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EMBO J. 1997 Aug 15;16(16):4983-98.

S-acylation of LCK protein tyrosine kinase is essential for its signalling function in T lymphocytes.

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  • 1Division of Cellular Immunology, National Institute for Medical Research, Mill Hill, London, UK.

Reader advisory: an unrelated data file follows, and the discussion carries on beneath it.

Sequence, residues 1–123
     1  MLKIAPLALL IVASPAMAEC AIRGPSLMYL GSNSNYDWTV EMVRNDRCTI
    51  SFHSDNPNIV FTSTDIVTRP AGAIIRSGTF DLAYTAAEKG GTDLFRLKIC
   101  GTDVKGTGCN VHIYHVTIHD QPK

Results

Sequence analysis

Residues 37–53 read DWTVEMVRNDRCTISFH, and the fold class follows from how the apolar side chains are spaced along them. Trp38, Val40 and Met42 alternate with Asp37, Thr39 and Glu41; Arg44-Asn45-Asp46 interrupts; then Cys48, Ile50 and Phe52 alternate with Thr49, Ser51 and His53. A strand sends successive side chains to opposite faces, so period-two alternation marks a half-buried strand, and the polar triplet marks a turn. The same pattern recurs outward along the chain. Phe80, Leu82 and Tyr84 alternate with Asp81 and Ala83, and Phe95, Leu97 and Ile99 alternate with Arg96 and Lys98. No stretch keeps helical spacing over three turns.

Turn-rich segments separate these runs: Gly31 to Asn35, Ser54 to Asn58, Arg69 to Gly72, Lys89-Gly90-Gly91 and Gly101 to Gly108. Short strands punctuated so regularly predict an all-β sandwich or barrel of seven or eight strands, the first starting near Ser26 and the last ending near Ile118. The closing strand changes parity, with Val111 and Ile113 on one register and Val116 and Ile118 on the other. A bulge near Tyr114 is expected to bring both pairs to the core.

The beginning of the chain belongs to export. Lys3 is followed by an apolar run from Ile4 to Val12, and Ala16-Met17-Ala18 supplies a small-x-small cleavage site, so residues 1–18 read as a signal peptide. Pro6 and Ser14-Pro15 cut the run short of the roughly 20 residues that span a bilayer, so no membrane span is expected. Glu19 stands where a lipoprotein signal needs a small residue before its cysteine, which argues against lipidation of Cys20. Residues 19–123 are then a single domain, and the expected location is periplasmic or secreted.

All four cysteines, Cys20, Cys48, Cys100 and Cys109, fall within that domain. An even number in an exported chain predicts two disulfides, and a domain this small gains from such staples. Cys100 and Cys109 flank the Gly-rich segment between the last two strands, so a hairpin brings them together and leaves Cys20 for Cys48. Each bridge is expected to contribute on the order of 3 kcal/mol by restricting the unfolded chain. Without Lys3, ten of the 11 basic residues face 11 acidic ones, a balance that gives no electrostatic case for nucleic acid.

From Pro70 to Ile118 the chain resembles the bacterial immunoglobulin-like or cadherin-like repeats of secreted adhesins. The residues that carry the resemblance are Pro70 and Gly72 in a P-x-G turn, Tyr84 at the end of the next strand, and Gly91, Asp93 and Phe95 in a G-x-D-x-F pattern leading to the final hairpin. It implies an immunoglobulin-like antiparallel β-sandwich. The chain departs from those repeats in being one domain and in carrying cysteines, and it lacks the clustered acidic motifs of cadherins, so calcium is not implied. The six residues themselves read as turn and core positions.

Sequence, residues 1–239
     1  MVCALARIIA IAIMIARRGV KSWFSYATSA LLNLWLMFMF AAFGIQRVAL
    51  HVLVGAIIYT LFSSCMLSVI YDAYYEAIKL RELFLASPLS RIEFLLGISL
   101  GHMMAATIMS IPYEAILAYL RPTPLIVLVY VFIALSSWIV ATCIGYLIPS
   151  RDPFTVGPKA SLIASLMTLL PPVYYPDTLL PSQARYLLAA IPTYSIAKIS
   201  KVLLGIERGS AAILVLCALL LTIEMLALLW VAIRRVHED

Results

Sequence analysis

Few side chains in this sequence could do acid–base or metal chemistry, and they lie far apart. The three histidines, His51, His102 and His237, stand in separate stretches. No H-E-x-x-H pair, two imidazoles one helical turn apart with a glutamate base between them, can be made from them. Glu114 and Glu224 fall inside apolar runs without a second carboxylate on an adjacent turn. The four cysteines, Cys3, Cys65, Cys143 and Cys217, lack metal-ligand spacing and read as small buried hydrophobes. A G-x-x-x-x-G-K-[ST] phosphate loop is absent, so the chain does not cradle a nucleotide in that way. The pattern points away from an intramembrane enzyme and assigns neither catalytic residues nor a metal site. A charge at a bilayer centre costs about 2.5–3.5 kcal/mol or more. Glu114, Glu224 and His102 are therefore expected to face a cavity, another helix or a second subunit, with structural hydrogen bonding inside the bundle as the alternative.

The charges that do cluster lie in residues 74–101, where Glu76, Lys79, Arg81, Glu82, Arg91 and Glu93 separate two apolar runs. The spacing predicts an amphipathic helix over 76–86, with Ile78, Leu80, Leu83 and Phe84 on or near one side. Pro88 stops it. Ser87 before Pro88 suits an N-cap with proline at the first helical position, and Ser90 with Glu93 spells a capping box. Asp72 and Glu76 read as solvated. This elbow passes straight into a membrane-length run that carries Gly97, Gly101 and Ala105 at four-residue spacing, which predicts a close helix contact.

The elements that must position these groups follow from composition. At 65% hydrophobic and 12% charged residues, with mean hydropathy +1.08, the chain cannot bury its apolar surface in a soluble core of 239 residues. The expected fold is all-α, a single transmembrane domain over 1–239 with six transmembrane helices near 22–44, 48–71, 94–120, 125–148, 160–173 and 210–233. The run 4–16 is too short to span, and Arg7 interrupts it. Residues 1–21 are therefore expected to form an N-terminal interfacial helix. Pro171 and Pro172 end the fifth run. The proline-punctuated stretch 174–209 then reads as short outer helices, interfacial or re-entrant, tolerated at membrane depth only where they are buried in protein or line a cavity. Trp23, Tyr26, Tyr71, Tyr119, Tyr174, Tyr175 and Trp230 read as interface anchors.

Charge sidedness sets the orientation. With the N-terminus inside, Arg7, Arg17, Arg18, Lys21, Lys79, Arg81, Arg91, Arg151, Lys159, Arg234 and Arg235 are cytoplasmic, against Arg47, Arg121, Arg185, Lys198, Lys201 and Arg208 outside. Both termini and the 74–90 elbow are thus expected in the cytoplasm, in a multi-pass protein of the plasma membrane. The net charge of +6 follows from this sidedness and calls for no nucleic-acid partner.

LCK is a non-receptor protein tyrosine kinase required for signal transduction via the T-cell antigen receptor (TCR). LCK N-terminus is S-acylated on Cys3 and Cys5, in addition to its myristoylation on Gly2. Here the role of S-acylation in LCK function was examined. Transient transfection of COS-18 cells, which express a CD8-zeta chimera on their surface, revealed that LCK mutants that were singly S-acylated were able to target to the plasma membrane and to phosphorylate CD8-zeta. A non-S-acylated LCK mutant did not target to the plasma membrane and failed to phosphorylate CD8-zeta, although it was catalytically active. Fusion of non-S-acylated LCK to a transmembrane protein, CD16:7, allowed its plasma membrane targeting and also phosphorylation of CD8-zeta when expressed in COS-18 cells. Thus S-acylation targets LCK to the plasma membrane where it can interact with the TCR. When expressed in LCK-negative JCam-1.6 T cells, delocalized, non-S-acylated LCK was completely non-functional. Singly S-acylated LCK mutants, which were expressed in part at the plasma membrane, efficiently reconstituted the induced association of phospho-zeta with ZAP-70 and intracellular Ca2+ fluxes triggered by the TCR. Induction of the late signalling proteins, CD69 and NFAT, was also reconstituted, although at reduced levels. The transmembrane LCK chimera also supported the induction of tyrosine phosphorylation and Ca2+ flux by the TCR in JCam-1.6 cells. However, induction of ERK MAP kinase was reduced and the chimera was incapable of reconstituting induced CD69 or NFAT expression. These data indicate that LCK must be attached to the plasma membrane via dual acylation of its N-terminus to function properly in TCR signalling.

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